Call 911 if the individual has:

  • Persistent or sudden chest pain
  • Breathing emergencies
  • Uncontrolled bleeding
  • Severe altered level of consciousness 
  • Injuries from falling, severe head injuries, severe burns, etc. 

If there is a NON-life threatening injury like:

  • A twisted ankle, wrist and/or back pain
  • A cut that requires medical attention and/or possibly stitches
  • Debris, dust and/or chemicals in the eye (use eyewash station first, if available)

For non-life threatening situation employees should notify their supervisor and proceed to: NCH Outpatient Care Center in Building M. Students and guests may seek services at NCH Outpatient Care Center, however they will be responsible for all service costs. Or students and guests can seek medical attention from their primary care physician. 

NCH Occupational Care Center

Below are the injury report forms, it is important to fill these forms out as soon as possible, with as much detail as you can remember. The purpose of incident reporting is to investigate the event and develop ways to prevent reoccurrence.

You can also check out the Harper Police Webpage for more information. Or check out this safety video created by the Department of Environmental Health, Safety and Risk Management, and the Harper College Police Department! "Emergency Procedures at Harper College."

March - Office Ergonomics

The goal of office ergonomics is to design your office work station so that it fits you and allows for a comfortable working environment for maximum productivity and efficiency. Harper's Office Ergonomics program is through Environmental Health & Safety.

Visit this link to review our Office Ergonomics Webpage.

Did you know that the chair you are sitting on might be adjustable? The two main office chairs that we have on campus are the KI Engage chair and the Steelcase Criterion chair. Depending on which type of chair you are sitting in, there are many different ways on how to adjust them to better fit you.

Chair features include:

  • Tilt Tension - Increase or decrease the ability to lean the chair back
  • Seat Slide - The seat pan can move in and out, to support the thighs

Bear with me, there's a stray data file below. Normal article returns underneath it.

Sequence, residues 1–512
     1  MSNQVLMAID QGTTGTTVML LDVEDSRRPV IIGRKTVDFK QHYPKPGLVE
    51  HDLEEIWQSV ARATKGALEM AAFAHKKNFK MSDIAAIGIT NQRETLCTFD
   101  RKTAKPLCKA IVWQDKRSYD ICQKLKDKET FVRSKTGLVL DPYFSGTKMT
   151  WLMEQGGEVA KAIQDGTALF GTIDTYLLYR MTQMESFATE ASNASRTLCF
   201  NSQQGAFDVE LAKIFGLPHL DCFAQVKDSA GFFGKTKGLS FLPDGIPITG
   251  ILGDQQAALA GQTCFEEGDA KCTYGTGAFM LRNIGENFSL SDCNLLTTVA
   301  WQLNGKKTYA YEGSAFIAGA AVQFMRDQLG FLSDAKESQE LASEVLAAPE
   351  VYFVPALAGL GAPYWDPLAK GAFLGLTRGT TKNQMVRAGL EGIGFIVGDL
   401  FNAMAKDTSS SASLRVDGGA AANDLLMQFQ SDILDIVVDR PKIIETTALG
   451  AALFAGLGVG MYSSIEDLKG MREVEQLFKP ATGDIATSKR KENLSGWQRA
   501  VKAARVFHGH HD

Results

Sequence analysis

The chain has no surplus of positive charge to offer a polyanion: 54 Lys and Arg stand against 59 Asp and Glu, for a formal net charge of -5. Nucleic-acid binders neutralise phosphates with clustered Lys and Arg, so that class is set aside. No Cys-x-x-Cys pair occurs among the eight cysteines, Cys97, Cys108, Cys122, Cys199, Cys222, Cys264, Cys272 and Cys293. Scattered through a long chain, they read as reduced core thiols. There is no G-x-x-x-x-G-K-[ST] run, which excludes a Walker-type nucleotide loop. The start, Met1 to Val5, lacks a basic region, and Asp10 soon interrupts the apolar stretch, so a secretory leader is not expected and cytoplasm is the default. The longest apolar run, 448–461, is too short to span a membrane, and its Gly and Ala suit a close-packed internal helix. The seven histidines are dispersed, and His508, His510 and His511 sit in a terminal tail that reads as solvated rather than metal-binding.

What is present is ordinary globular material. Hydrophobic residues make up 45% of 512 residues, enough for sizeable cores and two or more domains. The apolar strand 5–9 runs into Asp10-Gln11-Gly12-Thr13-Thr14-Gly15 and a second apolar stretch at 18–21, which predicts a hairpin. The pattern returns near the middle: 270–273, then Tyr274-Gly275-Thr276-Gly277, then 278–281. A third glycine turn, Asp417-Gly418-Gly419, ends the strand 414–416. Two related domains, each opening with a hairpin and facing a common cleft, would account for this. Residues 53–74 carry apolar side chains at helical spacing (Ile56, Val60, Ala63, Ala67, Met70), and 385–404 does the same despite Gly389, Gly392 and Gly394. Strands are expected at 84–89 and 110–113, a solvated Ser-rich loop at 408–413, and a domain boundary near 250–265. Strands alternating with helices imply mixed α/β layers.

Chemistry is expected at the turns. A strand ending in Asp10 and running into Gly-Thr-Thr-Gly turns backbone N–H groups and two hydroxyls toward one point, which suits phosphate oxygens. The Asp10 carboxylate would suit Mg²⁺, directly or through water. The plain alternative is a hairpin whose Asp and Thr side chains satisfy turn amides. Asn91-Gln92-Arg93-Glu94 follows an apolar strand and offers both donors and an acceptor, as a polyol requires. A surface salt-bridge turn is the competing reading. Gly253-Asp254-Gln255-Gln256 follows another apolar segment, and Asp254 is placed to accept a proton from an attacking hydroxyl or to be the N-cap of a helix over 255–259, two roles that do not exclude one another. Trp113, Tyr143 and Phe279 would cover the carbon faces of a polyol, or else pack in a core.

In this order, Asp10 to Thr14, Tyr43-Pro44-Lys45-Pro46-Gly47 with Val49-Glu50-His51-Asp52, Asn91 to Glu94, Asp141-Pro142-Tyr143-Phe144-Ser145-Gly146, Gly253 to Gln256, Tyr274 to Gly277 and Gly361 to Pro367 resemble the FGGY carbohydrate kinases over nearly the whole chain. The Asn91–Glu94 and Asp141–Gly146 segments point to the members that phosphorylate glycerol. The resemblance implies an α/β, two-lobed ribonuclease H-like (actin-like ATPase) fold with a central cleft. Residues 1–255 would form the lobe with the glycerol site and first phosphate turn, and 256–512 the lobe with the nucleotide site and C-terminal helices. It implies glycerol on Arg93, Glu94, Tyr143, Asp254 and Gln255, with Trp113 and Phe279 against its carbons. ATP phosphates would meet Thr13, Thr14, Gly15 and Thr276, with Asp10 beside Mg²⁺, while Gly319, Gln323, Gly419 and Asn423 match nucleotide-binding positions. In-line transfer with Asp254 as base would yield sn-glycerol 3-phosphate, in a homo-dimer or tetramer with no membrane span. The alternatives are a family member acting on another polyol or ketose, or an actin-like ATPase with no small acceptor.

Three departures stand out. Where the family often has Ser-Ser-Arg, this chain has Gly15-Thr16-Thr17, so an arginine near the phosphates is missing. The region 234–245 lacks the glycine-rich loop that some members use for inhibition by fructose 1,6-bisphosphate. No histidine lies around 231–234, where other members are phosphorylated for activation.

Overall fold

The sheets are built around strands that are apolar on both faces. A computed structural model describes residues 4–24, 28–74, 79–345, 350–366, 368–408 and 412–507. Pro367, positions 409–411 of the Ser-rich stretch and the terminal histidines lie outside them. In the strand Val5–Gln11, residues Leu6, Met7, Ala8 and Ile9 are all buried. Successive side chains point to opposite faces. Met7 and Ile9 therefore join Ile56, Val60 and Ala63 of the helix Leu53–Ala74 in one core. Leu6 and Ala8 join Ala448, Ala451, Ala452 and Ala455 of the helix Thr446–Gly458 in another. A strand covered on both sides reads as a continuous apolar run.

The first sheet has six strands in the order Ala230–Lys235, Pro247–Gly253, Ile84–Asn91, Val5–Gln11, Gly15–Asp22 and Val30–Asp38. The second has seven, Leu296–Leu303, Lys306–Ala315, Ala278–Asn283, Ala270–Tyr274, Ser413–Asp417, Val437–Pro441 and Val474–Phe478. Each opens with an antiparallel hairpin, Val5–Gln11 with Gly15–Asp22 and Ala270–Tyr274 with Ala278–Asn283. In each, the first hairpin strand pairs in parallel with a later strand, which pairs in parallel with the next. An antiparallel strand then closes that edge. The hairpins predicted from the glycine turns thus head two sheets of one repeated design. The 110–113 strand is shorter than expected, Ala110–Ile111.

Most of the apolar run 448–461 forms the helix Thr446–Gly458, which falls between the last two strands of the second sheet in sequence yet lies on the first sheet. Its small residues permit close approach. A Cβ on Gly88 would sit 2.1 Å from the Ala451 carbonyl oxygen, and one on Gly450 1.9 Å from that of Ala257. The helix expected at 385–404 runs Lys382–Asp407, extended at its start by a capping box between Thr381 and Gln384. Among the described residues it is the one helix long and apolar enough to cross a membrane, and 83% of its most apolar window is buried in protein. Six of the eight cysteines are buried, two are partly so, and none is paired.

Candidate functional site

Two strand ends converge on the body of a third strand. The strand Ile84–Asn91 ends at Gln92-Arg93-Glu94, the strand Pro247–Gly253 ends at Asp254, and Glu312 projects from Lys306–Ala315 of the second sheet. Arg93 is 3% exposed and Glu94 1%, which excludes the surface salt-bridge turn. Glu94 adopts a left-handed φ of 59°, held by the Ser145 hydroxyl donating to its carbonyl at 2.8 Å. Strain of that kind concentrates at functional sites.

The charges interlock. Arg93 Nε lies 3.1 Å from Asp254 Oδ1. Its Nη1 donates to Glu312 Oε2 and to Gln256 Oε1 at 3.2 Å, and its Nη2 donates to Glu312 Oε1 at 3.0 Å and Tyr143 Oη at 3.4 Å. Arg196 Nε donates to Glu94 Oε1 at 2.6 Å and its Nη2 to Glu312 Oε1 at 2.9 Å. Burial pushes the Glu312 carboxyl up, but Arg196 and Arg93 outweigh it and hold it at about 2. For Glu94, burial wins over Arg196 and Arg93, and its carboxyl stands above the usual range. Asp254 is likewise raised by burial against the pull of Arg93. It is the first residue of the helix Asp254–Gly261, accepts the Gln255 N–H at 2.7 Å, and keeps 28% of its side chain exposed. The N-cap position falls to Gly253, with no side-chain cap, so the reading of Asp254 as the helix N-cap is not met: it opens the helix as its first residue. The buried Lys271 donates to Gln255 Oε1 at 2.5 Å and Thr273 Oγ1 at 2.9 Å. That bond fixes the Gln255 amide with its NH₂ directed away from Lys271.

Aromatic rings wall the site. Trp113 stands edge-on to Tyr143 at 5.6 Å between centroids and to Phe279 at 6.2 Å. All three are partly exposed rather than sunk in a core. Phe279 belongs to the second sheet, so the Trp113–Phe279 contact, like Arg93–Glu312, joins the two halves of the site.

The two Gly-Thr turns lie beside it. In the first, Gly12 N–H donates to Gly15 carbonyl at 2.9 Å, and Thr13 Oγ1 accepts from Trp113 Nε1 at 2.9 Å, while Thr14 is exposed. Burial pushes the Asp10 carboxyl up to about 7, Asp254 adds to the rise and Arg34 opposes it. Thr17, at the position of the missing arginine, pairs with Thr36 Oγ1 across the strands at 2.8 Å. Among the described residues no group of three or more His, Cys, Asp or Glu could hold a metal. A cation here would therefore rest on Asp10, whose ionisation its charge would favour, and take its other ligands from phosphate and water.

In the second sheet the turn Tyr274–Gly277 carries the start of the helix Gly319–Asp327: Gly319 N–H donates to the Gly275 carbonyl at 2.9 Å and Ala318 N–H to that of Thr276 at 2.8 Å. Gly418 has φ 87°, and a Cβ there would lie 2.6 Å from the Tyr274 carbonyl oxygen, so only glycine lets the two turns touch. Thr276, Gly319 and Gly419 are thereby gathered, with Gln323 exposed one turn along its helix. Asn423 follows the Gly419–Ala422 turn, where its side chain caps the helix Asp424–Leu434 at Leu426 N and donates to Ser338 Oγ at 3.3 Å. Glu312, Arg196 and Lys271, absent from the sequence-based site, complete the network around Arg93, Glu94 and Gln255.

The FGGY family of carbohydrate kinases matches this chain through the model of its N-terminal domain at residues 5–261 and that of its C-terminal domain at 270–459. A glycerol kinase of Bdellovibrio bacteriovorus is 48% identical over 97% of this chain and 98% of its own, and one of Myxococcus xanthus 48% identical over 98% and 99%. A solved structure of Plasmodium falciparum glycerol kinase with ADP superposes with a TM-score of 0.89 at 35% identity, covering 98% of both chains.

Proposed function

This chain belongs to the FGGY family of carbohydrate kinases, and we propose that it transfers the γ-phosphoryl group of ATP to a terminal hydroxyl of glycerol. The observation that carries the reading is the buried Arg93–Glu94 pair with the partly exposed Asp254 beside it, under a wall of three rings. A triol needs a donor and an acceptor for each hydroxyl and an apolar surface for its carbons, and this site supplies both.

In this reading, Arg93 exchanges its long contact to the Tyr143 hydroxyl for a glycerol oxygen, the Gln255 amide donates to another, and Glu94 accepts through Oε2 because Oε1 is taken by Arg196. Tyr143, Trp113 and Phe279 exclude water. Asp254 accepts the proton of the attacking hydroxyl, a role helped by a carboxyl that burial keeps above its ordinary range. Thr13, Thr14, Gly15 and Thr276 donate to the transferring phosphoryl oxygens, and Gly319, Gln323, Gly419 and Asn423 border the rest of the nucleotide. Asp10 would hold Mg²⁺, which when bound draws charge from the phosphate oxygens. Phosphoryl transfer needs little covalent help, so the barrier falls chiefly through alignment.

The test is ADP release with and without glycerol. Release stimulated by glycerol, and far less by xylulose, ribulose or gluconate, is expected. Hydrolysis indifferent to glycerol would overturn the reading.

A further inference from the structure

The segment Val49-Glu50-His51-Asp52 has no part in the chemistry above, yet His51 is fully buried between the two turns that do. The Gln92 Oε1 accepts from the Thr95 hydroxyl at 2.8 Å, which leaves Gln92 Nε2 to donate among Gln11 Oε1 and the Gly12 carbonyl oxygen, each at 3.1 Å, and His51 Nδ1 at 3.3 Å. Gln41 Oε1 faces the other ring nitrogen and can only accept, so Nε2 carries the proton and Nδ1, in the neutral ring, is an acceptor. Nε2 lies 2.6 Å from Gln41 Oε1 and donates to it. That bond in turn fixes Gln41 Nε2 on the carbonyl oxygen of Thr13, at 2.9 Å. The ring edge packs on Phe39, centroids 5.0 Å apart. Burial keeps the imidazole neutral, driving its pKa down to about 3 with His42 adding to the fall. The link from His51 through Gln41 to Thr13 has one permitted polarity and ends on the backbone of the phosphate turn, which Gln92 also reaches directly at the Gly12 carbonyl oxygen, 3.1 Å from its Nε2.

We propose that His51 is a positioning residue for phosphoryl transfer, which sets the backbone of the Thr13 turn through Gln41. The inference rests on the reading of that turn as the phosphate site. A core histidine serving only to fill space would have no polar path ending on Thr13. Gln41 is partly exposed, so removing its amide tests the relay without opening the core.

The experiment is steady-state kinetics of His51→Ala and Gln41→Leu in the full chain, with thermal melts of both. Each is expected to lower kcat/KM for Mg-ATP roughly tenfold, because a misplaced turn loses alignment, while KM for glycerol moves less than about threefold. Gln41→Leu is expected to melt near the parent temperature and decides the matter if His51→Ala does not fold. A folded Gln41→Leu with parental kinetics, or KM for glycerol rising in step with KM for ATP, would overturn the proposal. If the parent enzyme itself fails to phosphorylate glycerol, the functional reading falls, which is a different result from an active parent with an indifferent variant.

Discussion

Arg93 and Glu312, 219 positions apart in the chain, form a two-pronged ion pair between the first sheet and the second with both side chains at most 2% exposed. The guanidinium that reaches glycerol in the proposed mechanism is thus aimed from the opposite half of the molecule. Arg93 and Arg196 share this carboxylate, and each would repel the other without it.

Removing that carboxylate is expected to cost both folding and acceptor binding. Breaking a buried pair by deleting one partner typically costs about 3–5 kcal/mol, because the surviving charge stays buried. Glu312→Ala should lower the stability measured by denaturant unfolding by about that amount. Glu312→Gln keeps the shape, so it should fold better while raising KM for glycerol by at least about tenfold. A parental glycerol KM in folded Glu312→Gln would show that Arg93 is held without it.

• Back Height - The back of the chair can move up and down, adjusting the lumbar support
  • Seat Height - The height of the chair is adjustable
  • Armrest Adjustability - The armrests will move up and down. The KI chair's armrests pivot and the Steelcase chair armrests will adjust in width.

Ergonomic Chairs

Remember to maintain a neutral position, meaning:

  • Your feet should be flat on the floor, if not then use a footrest.
  • Your knees, hips, shoulders and elbows should all be at a relaxed 90-degree angle
  • The mouse should be next to the key board
  • The top of the monitor should be at or a little below eye level, so you are looking down at the screen.

Do you work at the computer and use a phone at the same time? If so, you might benefit from using a phone headset. Do you do a lot of computer entry from paperwork? If so, maybe you should use a document holder. If you do not already have one of these items and feel that you would benefit from having it, talk with your supervisor.

For more helpful tips about your workstation, view our Ergonomic Procedure.

Or, if you are still having trouble with your chair, schedule an Ergonomic Evaluation today by contacting ehs@harpercollege.edu or dialing extension x6929. Environmental Health staff will stop by and help adjust your workstation.

December - Slips,Trips and Falls 

With winter months, comes the possibility of snow and ice. Please be careful walking to and from your vehicles, as well as walking around campus. Contact Facilities Management, 847.925.6350, to report any ice hazards or any seasonal safety issues.

icicle

To be prepared for snow storms and extreme cold, check out Ready.gov's webpage for additional safety tips. Or visit the American Red Cross, to review their materials on Winter Storm Preparedness. Snow & Ice Management Association, is a non-profit trade association with a focus on training, events and best practices related to snow plowing, ice management and business management. Here is their top 10 tips for safe walking in the snow and ice: